However, the character is played relatively well by Cohen. He plays the childish 40something amazingly well. You genuinely believe that he is unstable because of how well Cohen plays him. I think part of the success comes in that Cohen looks, and I don’t mean this in a disrespectful way, a bit like Danny Devito looked in Batman Returns. He has that creepy and unusual look to him, and that works well. As he becomes increasingly paranoid, Cohen captures that level of insecurity exceptionally.
Cohen isn’t alone in acting well in the film, with all of the cast members doing a very good job and the acting holds what little plot there is in the film together. One scene I exceptionally loved is when one of Abner’s colleagues invites him into his apartment and they go through a rather one sided conversation about the afterlife and an earlier conversation in which Abner largely ignored him. The scene takes an exceptionally tense turn and the music works fantastically as he questions Abner why he bought a gun before then attempting to kill himself with the gun, only for it to turn out to be unloaded. Abner’s fear throughout is believable and honest. The scene is easily the most emotionally engaging few minutes in an otherwise completely flat and lifeless 80 minute venture.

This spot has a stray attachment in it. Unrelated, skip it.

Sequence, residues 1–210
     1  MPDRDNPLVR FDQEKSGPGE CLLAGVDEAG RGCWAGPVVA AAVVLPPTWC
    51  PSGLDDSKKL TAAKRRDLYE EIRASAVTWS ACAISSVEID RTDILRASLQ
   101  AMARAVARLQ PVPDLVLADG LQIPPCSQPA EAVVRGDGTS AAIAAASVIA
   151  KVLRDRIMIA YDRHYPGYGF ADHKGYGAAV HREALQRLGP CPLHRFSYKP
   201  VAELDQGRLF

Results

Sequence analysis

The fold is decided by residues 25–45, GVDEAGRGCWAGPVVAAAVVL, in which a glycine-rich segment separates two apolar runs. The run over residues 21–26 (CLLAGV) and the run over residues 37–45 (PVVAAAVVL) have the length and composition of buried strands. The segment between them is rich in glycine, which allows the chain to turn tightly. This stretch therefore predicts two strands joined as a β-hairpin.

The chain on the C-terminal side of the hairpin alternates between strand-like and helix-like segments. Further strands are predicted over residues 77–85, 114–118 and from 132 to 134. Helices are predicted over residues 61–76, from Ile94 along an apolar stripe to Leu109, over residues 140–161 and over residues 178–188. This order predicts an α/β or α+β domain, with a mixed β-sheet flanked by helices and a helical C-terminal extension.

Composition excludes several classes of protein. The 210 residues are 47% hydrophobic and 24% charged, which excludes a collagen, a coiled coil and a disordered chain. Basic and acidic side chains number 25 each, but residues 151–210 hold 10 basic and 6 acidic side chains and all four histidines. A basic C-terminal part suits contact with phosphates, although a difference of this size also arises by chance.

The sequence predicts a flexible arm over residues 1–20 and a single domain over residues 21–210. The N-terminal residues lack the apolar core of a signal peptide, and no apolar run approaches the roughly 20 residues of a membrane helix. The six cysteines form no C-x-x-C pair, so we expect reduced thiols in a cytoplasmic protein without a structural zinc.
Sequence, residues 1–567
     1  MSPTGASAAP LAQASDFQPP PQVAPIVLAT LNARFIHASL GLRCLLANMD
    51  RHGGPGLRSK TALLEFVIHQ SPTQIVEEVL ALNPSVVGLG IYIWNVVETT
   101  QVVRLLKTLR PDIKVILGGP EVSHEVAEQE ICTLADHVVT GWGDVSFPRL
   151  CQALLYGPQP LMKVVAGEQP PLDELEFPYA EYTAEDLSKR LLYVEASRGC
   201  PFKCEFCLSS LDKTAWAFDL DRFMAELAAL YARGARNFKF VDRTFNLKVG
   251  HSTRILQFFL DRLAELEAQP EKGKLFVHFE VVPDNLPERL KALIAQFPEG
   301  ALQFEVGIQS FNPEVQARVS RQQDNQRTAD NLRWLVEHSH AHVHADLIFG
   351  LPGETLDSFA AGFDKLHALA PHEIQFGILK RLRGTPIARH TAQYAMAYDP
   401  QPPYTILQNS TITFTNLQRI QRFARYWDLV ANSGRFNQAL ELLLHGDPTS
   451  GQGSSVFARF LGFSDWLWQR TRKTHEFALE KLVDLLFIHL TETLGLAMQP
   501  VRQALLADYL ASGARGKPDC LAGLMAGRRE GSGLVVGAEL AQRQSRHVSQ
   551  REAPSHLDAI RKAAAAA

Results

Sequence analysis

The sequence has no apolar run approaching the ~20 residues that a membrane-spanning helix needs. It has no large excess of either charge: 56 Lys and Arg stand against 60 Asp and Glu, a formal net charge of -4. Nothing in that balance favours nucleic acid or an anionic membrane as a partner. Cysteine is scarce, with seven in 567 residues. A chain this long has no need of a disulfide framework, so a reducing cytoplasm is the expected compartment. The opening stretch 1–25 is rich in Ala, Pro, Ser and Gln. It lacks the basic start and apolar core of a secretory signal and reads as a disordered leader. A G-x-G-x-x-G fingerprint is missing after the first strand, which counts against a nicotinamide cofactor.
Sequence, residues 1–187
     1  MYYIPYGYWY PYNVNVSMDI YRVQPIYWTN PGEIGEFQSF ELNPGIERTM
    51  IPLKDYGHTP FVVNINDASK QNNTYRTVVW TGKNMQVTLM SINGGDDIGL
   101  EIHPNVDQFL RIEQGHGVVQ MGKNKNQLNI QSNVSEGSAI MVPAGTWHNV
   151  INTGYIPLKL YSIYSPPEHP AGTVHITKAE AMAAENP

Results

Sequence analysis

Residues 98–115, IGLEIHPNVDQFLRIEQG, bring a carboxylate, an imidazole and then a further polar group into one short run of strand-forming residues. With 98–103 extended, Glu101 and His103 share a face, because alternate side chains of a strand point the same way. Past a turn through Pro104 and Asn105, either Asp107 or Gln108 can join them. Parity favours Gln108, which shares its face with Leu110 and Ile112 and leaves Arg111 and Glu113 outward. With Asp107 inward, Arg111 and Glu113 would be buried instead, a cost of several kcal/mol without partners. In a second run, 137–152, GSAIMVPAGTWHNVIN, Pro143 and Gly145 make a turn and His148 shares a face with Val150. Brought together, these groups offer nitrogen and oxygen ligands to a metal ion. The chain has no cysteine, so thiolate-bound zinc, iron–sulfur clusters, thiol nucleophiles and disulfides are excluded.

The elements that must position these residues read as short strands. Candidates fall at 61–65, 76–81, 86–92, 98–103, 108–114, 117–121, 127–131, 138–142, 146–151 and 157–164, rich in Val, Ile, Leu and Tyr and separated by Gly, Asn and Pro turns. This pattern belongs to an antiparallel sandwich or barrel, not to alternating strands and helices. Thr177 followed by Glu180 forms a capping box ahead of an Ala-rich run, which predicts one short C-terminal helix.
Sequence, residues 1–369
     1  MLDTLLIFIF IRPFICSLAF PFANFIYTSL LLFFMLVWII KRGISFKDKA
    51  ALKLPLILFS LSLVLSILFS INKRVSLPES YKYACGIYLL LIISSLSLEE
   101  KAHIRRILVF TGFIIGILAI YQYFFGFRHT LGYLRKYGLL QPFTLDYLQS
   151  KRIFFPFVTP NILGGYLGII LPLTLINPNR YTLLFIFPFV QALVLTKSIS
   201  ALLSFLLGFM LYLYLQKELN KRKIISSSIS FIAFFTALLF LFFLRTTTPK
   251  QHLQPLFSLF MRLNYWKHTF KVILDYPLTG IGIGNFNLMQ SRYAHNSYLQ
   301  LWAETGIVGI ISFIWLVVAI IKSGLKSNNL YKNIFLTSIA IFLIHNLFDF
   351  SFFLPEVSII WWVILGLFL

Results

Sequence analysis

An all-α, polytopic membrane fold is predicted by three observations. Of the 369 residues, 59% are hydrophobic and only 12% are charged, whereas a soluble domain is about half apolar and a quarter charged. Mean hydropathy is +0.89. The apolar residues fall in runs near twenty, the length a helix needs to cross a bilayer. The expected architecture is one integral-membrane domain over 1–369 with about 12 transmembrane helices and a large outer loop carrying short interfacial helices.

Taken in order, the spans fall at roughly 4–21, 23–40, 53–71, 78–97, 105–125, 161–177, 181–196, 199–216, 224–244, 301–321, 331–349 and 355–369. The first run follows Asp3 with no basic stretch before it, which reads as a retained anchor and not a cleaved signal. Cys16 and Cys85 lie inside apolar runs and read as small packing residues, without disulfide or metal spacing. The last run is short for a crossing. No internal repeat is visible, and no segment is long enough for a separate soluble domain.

Location wise, the surroundings match the tone of the film in many ways, with a generally dull and lifeless environment. Large, open expanses are often used with a less than active colour chart and this matches the tone of the film reasonably well. The bleak nature and tone of the movie is well captured in this and it is one of the few things that works exceptionally well.